What people are saying - Write a review
We haven't found any reviews in the usual places.
Other editions - View all
Lepcha Land, Or Six Weeks in the Sikhim Himalayas (Classic Reprint)
No preview available - 2018
afterwards alpenstocks arrived baksheesh bamboo bridge bank basket bazaar beautiful Bhutan Birman breakfast bright brought camera camp carried Chhumbi Chiabhanjan chowkidar climb cold comfortable coolies crossed dak bungalow Darjeeling dark difficulty dinner dogs feet followed forest found ourselves Gnatong Goompa Guntok half hill Himalayas hour huts Jeylap Pass journey jungle Kalimpong lamas Lepcha Lingtu looked meal miles mist monastery morning mountain native Nazir Nepauli night Pakyong path Pedong Pemiongchi photograph picturesque ponies Rajah Ramtek rarified rest-house rhododendron riding river road Robinson Crusoe rock rocky Rongli Chu Roro rough round Sandakphu Sangachelling scene Sedongchen seemed servants side Sikhim Bhooteas Siliguri sirdar slope snow soon steep stone stood stopped syces Teesta tent Teptook Terai thick Tibet Tibetan Tiphu Tonglu took Toomhang travelling trees Tuko Tumlong turned valley verandah walls
Page 92 - She further observed that the Lepchas are deeply versed in knowledge of the edible value or otherwise of every root, herb and berry that grows in their country — knowledge handed down by the experience of past generations. In Donaldson's own words, "It seemed to dispel all thoughts of life's cares to live among these light hearted, easily pleased and good humoured people. We never heard an angry word from any one of them throughout the entire trip, and it was very difficult for us to be cross with...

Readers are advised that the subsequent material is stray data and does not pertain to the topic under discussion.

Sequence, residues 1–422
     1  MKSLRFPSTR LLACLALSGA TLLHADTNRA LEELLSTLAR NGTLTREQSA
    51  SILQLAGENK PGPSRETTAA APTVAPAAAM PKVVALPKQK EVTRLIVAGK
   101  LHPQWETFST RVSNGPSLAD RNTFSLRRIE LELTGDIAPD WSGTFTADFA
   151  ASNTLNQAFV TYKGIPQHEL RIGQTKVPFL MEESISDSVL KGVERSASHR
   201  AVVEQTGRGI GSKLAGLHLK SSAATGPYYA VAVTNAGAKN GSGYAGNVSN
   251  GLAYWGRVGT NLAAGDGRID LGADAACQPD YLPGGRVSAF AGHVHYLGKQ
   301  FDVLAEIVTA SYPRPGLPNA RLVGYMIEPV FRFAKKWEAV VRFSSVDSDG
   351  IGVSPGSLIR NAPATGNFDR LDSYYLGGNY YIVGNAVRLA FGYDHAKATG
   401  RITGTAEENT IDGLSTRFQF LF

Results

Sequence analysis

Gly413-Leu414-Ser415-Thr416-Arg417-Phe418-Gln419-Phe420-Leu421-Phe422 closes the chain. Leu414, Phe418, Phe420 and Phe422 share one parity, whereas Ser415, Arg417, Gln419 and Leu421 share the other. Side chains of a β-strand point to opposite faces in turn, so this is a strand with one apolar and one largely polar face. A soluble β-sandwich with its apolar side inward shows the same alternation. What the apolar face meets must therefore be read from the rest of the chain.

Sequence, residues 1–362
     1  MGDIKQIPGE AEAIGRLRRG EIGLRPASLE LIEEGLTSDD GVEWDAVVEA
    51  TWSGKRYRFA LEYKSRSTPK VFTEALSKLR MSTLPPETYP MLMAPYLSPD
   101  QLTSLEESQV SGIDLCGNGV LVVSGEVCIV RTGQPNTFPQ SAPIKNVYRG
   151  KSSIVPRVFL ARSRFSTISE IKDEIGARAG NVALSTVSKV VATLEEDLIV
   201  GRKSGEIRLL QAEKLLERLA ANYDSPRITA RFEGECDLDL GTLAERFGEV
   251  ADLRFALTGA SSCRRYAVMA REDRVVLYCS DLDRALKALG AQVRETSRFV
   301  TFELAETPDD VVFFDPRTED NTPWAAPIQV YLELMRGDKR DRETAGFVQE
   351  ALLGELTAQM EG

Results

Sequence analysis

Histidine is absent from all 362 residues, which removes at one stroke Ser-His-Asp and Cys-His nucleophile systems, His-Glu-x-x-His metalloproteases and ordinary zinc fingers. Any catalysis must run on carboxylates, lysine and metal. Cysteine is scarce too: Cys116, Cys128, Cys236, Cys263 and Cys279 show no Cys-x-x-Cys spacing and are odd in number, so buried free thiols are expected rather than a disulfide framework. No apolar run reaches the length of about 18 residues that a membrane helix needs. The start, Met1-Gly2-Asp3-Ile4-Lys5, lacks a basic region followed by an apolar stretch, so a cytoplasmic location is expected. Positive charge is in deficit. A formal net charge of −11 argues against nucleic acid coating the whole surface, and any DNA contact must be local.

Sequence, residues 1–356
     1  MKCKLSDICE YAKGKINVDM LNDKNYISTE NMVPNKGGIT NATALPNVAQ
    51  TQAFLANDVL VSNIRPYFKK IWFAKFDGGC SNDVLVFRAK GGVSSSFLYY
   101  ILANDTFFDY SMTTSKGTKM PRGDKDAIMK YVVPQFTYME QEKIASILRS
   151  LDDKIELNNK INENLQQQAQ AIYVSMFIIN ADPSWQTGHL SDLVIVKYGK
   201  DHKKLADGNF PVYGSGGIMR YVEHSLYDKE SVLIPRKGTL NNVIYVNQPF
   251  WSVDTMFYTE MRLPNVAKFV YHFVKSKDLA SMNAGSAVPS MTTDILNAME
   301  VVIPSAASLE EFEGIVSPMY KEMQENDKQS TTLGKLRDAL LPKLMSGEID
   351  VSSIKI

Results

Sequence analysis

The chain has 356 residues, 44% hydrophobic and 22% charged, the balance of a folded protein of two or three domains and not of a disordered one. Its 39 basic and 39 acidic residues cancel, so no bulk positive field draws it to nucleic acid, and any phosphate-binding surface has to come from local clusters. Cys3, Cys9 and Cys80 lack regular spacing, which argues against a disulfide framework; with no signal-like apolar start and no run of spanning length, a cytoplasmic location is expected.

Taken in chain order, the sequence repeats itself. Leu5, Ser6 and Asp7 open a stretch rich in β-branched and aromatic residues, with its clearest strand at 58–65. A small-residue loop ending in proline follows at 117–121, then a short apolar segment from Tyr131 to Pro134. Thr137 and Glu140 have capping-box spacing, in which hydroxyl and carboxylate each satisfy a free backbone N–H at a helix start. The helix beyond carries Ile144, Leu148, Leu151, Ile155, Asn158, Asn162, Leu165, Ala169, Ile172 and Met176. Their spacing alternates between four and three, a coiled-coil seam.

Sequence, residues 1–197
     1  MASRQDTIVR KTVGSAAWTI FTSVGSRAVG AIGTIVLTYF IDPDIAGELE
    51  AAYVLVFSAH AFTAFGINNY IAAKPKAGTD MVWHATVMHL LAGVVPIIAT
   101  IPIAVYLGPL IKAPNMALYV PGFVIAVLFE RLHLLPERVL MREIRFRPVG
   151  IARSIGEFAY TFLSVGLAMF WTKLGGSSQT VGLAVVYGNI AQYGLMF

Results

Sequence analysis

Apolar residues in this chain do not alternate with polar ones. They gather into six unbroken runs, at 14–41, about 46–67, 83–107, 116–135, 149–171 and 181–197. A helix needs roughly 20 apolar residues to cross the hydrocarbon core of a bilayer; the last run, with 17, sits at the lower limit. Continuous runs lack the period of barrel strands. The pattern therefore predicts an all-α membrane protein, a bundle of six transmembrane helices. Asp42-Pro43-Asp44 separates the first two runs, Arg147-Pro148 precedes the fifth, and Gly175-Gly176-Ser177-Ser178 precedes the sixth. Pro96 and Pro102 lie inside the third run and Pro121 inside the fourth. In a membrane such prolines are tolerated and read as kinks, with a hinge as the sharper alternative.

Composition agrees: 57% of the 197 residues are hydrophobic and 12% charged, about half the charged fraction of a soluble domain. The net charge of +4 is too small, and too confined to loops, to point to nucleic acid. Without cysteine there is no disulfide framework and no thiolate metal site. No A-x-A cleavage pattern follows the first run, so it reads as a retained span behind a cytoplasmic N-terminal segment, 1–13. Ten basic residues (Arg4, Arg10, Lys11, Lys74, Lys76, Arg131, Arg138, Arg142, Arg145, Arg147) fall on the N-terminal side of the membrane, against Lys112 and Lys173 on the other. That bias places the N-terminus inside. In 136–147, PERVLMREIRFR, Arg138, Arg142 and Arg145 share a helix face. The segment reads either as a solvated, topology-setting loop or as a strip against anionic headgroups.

Page 40 - ... Pass in 1891. As her observations regarding the Lepchas would give an idea of the Lepchas of earlier times it is thought worthwhile to quote a few lines from her writings also. She observed, "The Lepchas are the original inhabitants of Sikkim and are a most interesting race. A gentle, peace loving people, they have been repeatedly conquered by surrounding hill tribes, and their ancient patriarchal customs are dying out .... Their literature was almost entirely destroyed . . . and their traditions...
Page 38 - Not more than 4000 feet high, it enjoys the most delightful climate, and seems never without a fresh and invigorating breeze. It is surrounded by higher peaks on all sides but one, which overlooks the valley of the Runjeet — with range after range of hills sloping gently up from the river bed.
Page 124 - But it was a long time before I could get to sleep. I was awakened by a jarring noise which seemed to, come from somewhere quite close. "Vasily Semyonovich, are you asleep?" I whispered. "No.
Page 37 - Those only who have lived for years in an enervating climate in the plains can appreciate the peculiar pleasure we experienced in the pure bracing air, the mountain scenery, novel surroundings, and that free out-door life of the inhabitants, in which we intended to share as far as English characteristics and the necessities of civilization would allow.
Page 21 - It speaks well for the simple goodness of the native that this idiot boy was looked upon as the common property of the inhabitants, being carefully tended and fed by them all, with no need of almshouse or compulsory maintenance laws.
Page 59 - These people have no real religion of their own, being merely fetishworshippers, though some have followed the teaching of the lamas to a certain extent. They fear and make offerings to evil spirits, but not to good ones, for they argue that good spirits will do them no harm, and...